I believe I have the original versions of this product, which were then called speaker cradles (bought them a good number of years ago).  I pretty much agree with you point for point, and on a suspended floor they are especially effective.  I had wondered whether part of the improvement I heard was due to raising the tweeter height a little bit, but after experimenting to take that variable out of the equation I determined that was not the case.
FolkFreak, the US Distributor for Townshend Products is Dan Meinwald. Here is his website:

I’ve been contemplating the use of the Townshend Speaker Podiums as well for my Marten Bird 2 loudspeakers (Might be switching to Marten Coltrane Tenors soon.  If that happens, I might order them for THAT speaker).

Nice turntable! I have one on order. Planning to run a Helius Silver Ruby Tonearm, a Kuzma 4 point and a Schroder Reference on a detached arm pod I had custom made for it.
Thanks Shaizada -- I know Dan and am aware he distributes Townshend but as Ozzy pointed out neither he, nor any of the US sellers, have specific details on the podiums. From others I do know however that the US pricing is basically the same as the UK (although the recent weakness of sterling is another reason to consider buying direct I suppose). As these are all custom builds you are also not going to get them any quicker wherever you buy them. Whatever speakers you use I'm sure they'll work well

Regarding the DiscMaster there are a few things to bear in mind. As this is a suspended design you will need to get springs that work with the mass of your tonearms. The Kuzma is a very heavy arm (2kg) and I'd worry that it will unbalance the turntable -- this would be the one I'd mount on a stand alone pod if I was you. In any case make sure Dan provides you with a good range of springs so that you can get the armboard to level. Finally it's essential that the allen key securing the arm board is tight with the board mounted level, easy to miss, especially as the table comes with really no setup instructions --- ideally having Tim walk you through set up is the way to go.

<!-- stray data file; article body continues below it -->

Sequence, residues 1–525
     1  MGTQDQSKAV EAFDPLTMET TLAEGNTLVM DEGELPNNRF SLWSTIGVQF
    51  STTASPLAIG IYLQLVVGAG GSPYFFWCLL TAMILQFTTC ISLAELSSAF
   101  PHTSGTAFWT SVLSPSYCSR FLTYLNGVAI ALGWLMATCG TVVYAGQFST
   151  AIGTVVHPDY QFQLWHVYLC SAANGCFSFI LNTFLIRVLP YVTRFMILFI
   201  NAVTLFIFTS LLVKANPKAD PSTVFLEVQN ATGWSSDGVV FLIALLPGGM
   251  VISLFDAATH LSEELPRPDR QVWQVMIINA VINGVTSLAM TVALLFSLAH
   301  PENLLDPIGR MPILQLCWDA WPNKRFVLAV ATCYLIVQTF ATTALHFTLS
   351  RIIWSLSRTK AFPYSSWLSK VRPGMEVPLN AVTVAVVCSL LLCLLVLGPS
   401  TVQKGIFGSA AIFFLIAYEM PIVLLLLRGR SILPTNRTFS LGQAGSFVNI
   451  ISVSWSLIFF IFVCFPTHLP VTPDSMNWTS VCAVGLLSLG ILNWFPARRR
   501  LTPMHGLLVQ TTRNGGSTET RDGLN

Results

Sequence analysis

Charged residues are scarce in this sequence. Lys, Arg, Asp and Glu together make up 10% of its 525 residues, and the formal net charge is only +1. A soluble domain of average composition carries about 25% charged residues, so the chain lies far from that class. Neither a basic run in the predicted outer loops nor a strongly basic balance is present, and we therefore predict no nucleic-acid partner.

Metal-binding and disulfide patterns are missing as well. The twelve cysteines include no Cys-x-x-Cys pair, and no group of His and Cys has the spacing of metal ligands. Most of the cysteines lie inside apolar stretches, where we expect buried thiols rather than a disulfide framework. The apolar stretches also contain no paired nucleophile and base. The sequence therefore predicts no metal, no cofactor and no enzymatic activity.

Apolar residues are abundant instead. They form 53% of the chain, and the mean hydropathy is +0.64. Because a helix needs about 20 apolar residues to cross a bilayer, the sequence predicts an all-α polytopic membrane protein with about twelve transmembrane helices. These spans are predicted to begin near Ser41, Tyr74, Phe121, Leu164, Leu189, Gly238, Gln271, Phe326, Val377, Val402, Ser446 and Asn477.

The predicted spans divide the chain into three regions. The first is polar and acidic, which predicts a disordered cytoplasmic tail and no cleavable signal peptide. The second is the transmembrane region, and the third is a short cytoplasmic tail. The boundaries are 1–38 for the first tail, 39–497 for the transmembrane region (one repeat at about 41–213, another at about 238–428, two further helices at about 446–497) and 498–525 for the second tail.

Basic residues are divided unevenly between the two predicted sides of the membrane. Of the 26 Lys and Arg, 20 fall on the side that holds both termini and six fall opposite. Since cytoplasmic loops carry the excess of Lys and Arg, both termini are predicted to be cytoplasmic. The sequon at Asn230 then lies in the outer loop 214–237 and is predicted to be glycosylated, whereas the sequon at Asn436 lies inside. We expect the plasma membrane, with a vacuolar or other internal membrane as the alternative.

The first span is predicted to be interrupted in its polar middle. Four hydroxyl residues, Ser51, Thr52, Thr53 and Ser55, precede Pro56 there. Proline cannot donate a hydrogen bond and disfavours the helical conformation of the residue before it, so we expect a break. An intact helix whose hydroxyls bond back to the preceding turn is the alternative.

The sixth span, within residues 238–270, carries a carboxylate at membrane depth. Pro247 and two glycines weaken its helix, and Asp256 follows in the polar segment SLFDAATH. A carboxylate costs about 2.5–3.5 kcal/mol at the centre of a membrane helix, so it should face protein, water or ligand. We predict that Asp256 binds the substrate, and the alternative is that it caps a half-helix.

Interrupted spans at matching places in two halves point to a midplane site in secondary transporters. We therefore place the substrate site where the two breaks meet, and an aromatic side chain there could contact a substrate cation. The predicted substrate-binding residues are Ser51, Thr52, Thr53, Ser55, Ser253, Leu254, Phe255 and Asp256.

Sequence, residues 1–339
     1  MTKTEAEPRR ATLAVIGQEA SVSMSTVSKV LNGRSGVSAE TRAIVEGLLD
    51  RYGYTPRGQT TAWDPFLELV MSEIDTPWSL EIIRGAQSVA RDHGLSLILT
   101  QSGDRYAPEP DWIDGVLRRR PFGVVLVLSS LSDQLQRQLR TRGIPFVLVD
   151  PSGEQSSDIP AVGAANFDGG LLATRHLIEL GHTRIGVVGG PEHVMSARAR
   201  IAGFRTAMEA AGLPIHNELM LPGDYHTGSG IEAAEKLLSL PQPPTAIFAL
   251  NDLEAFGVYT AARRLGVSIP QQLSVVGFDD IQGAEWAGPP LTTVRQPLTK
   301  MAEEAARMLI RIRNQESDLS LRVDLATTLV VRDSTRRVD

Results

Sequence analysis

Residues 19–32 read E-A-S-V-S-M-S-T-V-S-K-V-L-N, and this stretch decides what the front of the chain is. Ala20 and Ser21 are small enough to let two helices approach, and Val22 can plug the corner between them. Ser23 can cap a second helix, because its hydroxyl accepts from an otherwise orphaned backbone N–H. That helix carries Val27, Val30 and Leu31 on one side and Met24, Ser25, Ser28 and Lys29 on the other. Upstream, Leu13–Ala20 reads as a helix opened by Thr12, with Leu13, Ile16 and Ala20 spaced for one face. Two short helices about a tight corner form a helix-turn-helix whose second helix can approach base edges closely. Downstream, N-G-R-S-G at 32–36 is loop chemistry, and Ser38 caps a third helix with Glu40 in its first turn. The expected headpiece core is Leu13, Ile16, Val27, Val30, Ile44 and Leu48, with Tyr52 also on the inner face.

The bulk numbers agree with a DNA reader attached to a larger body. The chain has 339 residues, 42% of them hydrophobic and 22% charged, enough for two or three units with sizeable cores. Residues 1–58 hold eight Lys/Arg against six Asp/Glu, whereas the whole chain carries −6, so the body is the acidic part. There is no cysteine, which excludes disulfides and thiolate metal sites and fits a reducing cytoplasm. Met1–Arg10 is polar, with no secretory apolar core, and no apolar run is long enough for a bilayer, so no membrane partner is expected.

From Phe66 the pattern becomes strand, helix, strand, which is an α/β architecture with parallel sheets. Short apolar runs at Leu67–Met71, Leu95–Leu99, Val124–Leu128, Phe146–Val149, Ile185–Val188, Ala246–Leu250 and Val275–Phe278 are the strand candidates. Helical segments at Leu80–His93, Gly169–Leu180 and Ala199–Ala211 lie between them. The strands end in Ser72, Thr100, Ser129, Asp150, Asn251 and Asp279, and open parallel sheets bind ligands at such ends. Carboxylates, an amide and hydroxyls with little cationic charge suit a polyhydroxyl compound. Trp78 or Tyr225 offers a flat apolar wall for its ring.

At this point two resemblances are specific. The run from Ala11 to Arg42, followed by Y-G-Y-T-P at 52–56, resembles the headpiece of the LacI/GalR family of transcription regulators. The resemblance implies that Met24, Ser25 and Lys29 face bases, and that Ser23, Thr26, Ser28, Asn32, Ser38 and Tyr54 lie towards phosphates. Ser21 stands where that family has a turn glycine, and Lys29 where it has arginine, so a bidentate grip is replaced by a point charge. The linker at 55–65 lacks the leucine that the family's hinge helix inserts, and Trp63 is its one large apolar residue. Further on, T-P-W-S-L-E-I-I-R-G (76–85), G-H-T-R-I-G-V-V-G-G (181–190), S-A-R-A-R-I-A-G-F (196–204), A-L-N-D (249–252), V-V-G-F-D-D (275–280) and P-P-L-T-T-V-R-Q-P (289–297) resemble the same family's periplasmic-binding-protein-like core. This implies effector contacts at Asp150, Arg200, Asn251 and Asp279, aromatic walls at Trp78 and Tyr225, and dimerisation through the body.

I run Stillpoints Ultra 5s with 100Kg speakers.(Vaf I-93mk2) Should I expect a positive result with the Podium??
I think you will like the results with the podiums, not sure what size suits your speakers as I am not familiar with them but as long as you ensure that the speakers will sit easily on the base and the weight rating is good (100kg is no issue) then you should be fine. Townshend recommends you remove the stillpoints and any manufacturer spikes and have the speakers sit directly on the platform. Presentation will be different to what you are familiar with along the lines I described in my original post
If you don't need the platform of the Townshend podiums, the Seismic Pods themselves are considerable cheaper.
I should probably update this thread.

I did end up moving to the Marten Coltrane Tenors speakers (from the Marten Bird 2), and am considering maybe loading them up on Townshend Podiums next. Right now, I have my whole Stillpoints ESS equipment rack on weight matched Townshend Dual Pods per corner for a total of 8 pods. Also setup my EAR 890 monoblocks on Townshend Seismic platforms that were custom cut to fit the amps.